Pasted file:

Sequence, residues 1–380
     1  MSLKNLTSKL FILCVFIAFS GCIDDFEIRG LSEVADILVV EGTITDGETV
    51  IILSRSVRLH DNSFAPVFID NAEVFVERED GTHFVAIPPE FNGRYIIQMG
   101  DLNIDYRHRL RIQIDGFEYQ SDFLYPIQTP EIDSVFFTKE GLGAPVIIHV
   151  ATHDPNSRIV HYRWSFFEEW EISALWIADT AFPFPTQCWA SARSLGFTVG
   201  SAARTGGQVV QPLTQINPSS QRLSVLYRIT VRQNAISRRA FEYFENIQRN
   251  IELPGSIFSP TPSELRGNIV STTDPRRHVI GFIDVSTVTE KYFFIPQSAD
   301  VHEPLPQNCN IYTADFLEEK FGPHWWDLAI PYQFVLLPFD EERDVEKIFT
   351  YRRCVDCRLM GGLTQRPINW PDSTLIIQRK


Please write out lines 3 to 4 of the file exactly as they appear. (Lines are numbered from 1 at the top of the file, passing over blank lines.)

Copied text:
    51  IILSRSVRLH DNSFAPVFID NAEVFVERED GTHFVAIPPE FNGRYIIQMG
   101  DLNIDYRHRL RIQIDGFEYQ SDFLYPIQTP EIDSVFFTKE GLGAPVIIHV